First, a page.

Sunday, December 16, 2007

Badawi asks for grievances list; has he read the 18 grievances listed by Hindraf?

Malaysian leader asks Indians to list grievances after anti-racism
rally stuns nation
The Associated Press, December 16, 2007

KUALA LUMPUR, Malaysia: Malaysia's prime minister has asked ethnic
Indian social groups to list grievances that recently led to an
unprecedented anti-discrimination rally by Indians, activists said

Prime Minister Abdullah Ahmad Badawi met Friday with a coalition of
ethnic Indian non-governmental groups, and "assured us that he will
personally address the issues," the groups' spokesman A. Rajaretnam
told reporters.

The meeting was Abdullah's first with representatives of the Indians,
whose growing disaffection threatens to upset the long-standing
harmony among Malaysia's varied ethnic and religious communities.

Rajaretnam said the 65-group coalition, called the Federation of
Malaysian Indian Organizations, will set up a committee to prepare the
list of grievances within a month.

Among the complaints are lack of government funding for Indian schools
and the destruction of Hindu temples by authorities in this
Muslim-majority nation, Rajaretnam said.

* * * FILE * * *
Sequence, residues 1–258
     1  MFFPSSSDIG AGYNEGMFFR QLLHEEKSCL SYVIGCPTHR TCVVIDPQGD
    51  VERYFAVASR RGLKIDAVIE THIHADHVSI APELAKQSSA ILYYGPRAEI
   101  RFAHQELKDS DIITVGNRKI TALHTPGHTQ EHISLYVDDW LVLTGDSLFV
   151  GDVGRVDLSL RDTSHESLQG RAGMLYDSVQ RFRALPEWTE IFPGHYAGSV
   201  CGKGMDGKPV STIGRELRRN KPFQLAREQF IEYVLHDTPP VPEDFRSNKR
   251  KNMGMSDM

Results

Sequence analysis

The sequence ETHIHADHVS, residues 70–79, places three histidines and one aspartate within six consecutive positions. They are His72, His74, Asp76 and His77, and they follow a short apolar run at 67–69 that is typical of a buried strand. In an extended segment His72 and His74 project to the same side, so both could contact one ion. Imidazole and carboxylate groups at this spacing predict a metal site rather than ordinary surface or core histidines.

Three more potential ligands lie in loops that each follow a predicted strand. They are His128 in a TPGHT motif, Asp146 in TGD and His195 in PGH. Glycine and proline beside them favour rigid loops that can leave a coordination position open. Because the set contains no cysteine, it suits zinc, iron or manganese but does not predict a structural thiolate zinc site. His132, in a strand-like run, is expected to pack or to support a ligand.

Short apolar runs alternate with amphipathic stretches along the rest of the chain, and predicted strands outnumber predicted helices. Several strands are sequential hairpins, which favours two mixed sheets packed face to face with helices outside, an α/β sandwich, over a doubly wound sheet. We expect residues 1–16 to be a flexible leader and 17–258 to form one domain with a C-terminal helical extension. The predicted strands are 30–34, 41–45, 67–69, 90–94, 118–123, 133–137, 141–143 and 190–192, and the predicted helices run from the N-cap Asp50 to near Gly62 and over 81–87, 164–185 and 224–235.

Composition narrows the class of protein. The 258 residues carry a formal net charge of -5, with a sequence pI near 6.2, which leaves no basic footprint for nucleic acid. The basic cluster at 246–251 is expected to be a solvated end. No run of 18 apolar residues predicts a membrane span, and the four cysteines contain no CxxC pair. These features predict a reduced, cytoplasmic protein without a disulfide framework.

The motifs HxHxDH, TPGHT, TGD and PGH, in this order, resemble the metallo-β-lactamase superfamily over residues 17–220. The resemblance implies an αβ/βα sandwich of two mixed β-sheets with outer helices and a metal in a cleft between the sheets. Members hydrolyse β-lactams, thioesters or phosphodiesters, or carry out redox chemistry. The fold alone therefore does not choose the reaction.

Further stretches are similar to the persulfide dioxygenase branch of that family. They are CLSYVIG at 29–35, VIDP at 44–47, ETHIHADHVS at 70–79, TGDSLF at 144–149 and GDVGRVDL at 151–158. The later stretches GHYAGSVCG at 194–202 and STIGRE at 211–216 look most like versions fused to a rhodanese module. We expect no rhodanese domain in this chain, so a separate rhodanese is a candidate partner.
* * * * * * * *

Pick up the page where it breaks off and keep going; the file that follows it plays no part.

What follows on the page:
Abdullah's public relations officials were not available for comment
on Rajaretnam's remarks because of the weekend.

Ethnic Indians make up about 8 percent of Malaysia's 27 million
people, and most are at the bottom of the country's social and
economic ladder. Malay Muslims comprise about 60 percent of the
population, and control the government. Ethnic Chinese account for
about a quarter of Malaysians, and dominate business.

"We can be different in language, religion and culture, but after 50
years of independence, we should not be talking about our differences.
We should create a space where we think of ourselves as one,"
Rajaretnam said.

The Indian issue has become the biggest political challenge for
Abdullah, who took office in 2003 and is widely expected to call
general elections next year.

After simmering under the surface for decades, the Indians' anger
erupted on Nov. 25 when at least 20,000 poured into the streets to
demand racial equality, religious freedom and economic opportunities.

Police used tear gas and water cannons to quell the demonstration.
More than 100 people were charged with illegal assembly, and 31 others
with attempted murder of a policeman who suffered a non
life-threatening wound to the head. Rajaretnam said the non-government
organizations had urged Abdullah to drop the attempted murder charges.

On Thursday police detained five of the rally's ethnic Indian
organizers under the Internal Security Act, which allows indefinite
detention without trial.

They were being held at a high-security detention camp in the northern
Malaysia, where about 500 Indians gathered Sunday in a nearby temple
for a peaceful protest.

Rajaretnam said the NGOs had also urged Abdullah to try the five
activists in a court instead of holding them under the security act.

"We want to create an environment in Malaysia where no one is
victimized," Rajaretnam said.

Rajaretnam said the NGOs want Abdullah to set up a department to look
after non-Muslim affairs, similar to the country's existing department
that handles Muslim matters.

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